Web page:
A new HBO documentary profiles the life of Mr. Chow, actor, restauranteur, collector and artist. The film opens with an off-screen voice throwing out movie titles with Mr. Chow sitting center-frame describing the first shot of that movie in detail. His delivery itself is cinematic and utterly captivating.
From there, we follow along as Mr. Chow recalls a life full of extraordinary experiences from boarding school in London to following his sister’s footsteps into the film industry to pausing his painting career in the 1960s to opening his first restaurant in the 1970s. At his restaurant, art intersected with cuisine where he would offer meals in exchange for paintings. The walls of his restaurant were adorned with the works of David Hockney, Jim Dine, Julian Schnabel, Ed Ruscha and many others, creating a gallery-like experience.
Amid his success, Mr. Chow also recalls incredibly sad moments in his life, particularly the fates both his mother and father met at the hands of the Maoist regime. It also touches on overcoming racism by channeling his passion for art, excellence and the promotion of Chinese culture through cuisine. "There's a reason I named my daughter China", he said.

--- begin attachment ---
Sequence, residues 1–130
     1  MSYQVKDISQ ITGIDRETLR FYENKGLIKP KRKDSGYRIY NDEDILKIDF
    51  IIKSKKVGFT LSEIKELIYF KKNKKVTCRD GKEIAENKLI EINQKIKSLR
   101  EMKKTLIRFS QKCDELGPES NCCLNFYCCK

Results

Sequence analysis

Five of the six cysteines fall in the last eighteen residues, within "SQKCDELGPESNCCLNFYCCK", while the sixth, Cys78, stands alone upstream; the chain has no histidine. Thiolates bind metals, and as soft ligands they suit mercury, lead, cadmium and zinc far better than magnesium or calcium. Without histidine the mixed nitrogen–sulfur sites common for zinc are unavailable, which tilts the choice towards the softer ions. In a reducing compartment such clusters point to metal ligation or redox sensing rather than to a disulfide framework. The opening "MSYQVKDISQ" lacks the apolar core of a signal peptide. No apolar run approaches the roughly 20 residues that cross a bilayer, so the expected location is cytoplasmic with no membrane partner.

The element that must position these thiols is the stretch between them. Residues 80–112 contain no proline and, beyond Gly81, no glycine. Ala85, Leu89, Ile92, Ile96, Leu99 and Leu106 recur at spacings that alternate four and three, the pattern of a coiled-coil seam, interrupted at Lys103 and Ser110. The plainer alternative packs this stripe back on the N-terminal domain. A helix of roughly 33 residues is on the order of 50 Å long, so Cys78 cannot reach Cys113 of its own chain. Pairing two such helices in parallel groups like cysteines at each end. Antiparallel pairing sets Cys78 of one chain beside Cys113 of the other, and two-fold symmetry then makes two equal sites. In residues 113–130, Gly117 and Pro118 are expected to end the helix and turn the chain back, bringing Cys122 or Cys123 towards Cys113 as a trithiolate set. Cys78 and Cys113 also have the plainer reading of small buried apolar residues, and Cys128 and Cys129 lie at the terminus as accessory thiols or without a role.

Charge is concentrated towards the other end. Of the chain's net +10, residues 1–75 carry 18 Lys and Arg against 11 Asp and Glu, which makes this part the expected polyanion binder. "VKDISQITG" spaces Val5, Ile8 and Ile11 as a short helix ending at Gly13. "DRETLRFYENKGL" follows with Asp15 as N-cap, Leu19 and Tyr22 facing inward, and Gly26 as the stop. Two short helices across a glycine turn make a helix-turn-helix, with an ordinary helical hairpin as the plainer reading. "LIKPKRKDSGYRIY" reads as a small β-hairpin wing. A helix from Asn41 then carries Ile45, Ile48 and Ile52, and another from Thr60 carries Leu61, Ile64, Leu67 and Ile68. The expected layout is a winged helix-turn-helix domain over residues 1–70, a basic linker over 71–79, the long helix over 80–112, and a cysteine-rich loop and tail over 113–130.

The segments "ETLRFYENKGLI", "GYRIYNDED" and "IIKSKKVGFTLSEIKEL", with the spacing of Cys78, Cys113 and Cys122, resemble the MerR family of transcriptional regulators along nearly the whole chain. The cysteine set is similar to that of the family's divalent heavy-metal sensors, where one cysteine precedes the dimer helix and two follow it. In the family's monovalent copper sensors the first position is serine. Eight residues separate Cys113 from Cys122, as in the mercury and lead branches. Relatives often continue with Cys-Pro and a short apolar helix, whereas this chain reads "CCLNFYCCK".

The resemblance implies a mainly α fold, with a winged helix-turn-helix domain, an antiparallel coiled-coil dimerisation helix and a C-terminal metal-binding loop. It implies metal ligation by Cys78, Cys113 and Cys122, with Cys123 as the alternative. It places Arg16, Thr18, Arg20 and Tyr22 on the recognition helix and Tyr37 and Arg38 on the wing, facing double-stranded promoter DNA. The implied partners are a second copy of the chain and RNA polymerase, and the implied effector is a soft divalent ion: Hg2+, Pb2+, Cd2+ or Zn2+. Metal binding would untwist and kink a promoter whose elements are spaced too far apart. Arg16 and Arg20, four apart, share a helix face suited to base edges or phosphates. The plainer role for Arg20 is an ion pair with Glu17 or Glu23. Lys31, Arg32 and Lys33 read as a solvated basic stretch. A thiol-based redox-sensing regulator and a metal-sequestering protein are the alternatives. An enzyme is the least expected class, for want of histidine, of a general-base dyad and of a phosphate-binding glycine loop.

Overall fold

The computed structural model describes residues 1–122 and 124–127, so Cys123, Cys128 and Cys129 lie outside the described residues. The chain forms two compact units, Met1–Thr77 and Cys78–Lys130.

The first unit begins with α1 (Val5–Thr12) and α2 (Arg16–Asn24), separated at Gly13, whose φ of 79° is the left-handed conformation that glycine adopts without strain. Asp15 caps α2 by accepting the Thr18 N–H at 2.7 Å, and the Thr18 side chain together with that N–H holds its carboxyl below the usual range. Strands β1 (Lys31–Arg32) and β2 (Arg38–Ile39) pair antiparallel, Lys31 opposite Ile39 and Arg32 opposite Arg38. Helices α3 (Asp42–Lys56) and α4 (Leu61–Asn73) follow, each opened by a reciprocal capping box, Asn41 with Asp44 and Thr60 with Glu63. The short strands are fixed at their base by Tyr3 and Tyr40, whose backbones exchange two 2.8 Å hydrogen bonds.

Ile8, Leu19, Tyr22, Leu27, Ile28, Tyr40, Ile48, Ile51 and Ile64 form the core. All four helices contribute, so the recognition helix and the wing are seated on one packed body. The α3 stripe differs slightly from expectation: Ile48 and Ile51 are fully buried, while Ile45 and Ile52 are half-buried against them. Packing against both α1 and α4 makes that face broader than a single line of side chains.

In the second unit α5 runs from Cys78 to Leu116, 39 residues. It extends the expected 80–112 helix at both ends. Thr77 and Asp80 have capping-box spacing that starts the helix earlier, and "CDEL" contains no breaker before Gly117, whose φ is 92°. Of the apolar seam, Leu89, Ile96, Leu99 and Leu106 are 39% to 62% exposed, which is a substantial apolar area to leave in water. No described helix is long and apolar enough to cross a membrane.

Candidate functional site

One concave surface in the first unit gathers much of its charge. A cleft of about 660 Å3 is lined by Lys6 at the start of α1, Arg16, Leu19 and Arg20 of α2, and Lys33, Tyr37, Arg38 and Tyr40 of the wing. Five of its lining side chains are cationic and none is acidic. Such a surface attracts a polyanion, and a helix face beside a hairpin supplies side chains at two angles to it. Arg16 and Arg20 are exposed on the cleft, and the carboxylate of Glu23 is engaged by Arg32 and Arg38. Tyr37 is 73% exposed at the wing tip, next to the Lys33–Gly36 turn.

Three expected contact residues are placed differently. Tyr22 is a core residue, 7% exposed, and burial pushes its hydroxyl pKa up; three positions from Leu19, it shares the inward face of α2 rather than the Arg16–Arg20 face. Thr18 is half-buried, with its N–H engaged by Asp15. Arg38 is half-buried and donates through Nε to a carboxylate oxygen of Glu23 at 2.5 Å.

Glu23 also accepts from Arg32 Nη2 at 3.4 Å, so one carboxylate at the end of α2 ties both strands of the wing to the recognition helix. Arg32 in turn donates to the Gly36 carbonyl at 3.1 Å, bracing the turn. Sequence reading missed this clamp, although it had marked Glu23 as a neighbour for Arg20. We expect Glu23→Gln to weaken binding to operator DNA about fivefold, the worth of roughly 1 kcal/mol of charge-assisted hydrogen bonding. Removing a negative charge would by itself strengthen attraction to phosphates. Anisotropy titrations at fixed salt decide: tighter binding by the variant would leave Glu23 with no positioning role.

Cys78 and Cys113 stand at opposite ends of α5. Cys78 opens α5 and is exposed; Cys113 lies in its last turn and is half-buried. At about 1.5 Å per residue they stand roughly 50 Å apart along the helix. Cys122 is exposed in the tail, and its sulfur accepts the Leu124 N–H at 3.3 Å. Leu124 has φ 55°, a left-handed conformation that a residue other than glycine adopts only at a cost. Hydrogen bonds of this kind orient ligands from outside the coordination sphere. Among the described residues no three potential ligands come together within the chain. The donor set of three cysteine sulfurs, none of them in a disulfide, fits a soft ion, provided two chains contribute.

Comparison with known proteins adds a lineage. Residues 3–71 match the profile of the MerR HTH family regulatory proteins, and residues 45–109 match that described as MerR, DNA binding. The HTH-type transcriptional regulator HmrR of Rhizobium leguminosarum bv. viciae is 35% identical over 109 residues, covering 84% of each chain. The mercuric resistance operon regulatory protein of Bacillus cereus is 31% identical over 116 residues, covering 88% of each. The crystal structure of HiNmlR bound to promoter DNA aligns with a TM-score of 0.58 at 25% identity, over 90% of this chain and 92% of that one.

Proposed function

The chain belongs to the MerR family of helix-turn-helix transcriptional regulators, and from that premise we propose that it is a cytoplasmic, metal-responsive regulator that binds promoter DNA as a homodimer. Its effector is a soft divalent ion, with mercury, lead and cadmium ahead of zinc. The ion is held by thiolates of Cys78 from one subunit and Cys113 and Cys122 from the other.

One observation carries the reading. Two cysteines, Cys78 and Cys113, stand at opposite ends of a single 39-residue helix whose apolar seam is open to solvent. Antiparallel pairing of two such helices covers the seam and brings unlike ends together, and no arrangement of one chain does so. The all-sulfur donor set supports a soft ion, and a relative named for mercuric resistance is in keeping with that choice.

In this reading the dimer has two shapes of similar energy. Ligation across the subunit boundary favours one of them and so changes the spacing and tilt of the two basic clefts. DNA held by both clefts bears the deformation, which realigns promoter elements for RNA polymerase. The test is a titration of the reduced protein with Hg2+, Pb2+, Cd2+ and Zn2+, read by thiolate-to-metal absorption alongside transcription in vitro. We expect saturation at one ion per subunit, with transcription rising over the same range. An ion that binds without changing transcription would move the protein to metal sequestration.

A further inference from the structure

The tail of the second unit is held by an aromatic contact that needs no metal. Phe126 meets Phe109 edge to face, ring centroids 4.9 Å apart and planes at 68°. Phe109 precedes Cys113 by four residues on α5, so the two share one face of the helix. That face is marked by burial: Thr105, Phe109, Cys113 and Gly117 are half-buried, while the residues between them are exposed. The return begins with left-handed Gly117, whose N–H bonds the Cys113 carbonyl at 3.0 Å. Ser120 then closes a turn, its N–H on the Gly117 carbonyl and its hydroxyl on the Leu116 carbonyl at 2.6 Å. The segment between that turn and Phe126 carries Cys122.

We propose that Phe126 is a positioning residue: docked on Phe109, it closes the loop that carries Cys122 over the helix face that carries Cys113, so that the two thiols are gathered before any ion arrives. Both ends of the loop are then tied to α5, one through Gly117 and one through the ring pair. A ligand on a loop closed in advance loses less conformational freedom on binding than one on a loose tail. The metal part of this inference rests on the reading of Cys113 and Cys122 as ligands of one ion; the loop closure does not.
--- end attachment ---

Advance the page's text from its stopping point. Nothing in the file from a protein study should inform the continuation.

His exuberance is contagious. At 84, he is incredibly youthful with his round spectacles and pompadour hair. His so-called “Act V” shows Mr. Chow "painting" with a blowtorch and eggs and capturing one of his gallery openings with his colorful, three-dimensional, mural-sized canvases.
While AKA Mr. Chow just scratches the surface, it’s an inspiring portrait of a man who triumphed over childhood trauma, personal loss and systemic prejudice with his eccentric style, showmanship and art. His huge personality and zest for life is just the thing to watch during the holiday season.